“It’s such a great idea, in a new area, and they’re really incredibly talented entrepreneurs,” she said. “I was excited.” So she told Ulman she was interested, but getting involved in something else.
After meeting with the board of the Economic Development Authority (EDA), however, and spending time with the Columbia Revitalization Plan, she became more interested. She went through the interview process with EDA, “and they said, ‘You’re very candid.’ And I am," she said. “I’m an open book. If you can talk about being raped, you can talk about anything.”
The board approved her appointment unanimously.
“I’m excited about it,” she said, “and obviously a little nervous because it’s all new.”
Neuman has had some experience in the public sector; she played an instrumental role in getting legislation passed in Maryland that requires DNA samples be taken from anyone arrested in connection with a violent crime. She also served as a board member and interim executive director of the Chesapeake Innovation Center.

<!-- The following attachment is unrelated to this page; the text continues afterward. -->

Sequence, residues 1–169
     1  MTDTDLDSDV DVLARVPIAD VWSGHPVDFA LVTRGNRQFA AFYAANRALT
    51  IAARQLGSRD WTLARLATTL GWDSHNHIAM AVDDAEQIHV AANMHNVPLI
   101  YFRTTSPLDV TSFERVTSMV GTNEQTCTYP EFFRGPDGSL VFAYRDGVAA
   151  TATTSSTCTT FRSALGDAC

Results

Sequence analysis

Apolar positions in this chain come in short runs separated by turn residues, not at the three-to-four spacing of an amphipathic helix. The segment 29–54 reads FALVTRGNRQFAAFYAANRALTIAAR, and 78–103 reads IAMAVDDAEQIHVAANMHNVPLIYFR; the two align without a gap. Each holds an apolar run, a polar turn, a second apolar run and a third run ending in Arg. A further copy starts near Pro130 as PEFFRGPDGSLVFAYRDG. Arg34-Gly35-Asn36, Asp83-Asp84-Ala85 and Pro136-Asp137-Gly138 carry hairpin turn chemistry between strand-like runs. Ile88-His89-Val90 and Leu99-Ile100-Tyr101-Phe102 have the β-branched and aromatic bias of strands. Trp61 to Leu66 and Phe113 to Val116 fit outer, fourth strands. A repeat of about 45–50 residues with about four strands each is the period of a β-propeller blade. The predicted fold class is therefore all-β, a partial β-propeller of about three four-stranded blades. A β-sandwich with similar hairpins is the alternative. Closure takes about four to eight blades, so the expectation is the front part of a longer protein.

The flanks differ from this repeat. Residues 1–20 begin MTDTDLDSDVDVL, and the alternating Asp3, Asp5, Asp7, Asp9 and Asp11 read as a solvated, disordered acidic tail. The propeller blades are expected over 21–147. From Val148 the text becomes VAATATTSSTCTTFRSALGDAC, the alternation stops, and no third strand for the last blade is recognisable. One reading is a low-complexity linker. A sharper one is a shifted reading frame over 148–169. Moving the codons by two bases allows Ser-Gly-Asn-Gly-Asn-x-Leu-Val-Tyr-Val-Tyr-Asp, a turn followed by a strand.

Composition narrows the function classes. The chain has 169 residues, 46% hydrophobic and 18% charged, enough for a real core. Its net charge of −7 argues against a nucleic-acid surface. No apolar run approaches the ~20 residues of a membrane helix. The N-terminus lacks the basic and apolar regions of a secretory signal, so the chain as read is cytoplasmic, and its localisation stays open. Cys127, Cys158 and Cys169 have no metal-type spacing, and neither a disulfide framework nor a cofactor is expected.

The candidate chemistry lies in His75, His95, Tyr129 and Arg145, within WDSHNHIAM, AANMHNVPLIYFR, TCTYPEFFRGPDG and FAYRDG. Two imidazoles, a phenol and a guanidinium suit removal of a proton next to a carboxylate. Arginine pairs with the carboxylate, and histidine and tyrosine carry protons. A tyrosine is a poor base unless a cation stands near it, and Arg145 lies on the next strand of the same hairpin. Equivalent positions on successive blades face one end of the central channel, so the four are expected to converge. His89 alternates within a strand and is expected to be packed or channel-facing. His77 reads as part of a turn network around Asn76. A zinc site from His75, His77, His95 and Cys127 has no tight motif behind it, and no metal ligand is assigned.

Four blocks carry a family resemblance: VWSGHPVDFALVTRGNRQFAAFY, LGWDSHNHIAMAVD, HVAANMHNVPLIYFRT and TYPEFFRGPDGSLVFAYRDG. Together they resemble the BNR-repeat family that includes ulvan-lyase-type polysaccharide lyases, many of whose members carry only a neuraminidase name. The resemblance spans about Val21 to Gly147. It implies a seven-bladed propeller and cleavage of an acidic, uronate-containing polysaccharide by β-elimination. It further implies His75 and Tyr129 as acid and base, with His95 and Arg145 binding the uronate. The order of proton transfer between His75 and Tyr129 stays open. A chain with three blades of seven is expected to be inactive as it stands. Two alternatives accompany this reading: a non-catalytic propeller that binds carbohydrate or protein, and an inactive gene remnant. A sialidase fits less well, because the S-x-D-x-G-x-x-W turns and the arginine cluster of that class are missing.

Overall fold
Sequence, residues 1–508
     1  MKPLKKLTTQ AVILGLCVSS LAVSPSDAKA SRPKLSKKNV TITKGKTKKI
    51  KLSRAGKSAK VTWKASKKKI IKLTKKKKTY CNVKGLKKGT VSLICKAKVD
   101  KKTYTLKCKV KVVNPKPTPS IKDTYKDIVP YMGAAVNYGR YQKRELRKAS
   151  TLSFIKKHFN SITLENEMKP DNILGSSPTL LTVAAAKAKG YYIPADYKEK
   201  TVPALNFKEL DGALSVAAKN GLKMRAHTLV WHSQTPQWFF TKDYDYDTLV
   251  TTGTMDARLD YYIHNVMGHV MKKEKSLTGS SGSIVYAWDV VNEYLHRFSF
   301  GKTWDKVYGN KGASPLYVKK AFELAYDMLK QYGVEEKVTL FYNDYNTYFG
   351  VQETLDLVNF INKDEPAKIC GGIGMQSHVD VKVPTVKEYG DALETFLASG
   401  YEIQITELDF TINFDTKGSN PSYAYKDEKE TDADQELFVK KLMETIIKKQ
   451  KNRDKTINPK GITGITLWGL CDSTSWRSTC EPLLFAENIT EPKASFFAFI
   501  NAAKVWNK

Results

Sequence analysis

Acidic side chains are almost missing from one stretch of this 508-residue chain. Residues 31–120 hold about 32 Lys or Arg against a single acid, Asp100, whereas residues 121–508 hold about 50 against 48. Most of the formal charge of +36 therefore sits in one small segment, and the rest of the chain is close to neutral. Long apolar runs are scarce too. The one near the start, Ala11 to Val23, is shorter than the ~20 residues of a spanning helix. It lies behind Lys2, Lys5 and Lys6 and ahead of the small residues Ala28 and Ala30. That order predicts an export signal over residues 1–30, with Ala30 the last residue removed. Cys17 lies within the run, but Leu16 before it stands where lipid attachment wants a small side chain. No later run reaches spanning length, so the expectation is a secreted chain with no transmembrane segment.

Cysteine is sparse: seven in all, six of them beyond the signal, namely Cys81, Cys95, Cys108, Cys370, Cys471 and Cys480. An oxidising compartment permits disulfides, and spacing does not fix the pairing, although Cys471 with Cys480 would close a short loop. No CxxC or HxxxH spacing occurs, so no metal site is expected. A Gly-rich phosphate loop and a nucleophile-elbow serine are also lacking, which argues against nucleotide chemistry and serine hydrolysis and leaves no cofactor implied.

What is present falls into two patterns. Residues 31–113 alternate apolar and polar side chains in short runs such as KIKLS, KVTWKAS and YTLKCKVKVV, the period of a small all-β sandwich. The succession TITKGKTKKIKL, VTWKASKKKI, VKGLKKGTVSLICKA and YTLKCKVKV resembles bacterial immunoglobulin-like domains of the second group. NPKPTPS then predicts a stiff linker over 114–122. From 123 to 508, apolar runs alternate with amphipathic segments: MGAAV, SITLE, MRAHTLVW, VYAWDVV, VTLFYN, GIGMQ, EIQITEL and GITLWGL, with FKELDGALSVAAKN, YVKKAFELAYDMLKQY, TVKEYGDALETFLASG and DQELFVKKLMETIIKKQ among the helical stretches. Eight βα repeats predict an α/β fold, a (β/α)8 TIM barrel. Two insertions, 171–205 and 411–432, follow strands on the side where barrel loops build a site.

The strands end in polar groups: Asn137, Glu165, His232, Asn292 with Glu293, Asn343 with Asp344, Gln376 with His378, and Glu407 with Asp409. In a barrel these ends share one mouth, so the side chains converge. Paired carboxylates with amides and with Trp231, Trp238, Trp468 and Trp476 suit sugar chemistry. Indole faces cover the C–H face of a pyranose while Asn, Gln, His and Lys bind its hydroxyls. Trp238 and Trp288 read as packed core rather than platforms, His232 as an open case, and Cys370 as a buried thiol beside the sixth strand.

Looking ahead, Neuman says she sees a huge opportunity for business in Howard County. “If I was going to start a start-up tomorrow, I’d put it in Columbia.” She sees lifestyle issues—schools, parks, libraries—as one of the biggest draws to the area.
She said she’s interested in attracting a new, younger demographic. “You want multi-level buildings,” she said. “There’s energy that comes with being together—an accumulation of people, especially young, educated people. It’s very energizing.”
Neuman said she thinks Howard County is a great place to do business and she’s going to prove it.
Although Monday, April 11, was her first official day on the job, she’s been meeting with business owners and for the past week.
As she talks about the future, she makes it clear that she will continue to work with rape victims through the Neuman Foundation. “I do that more as a way of giving,” she said, “not for any monetary value.
“I will continue that work,” she said. “I will not stop.”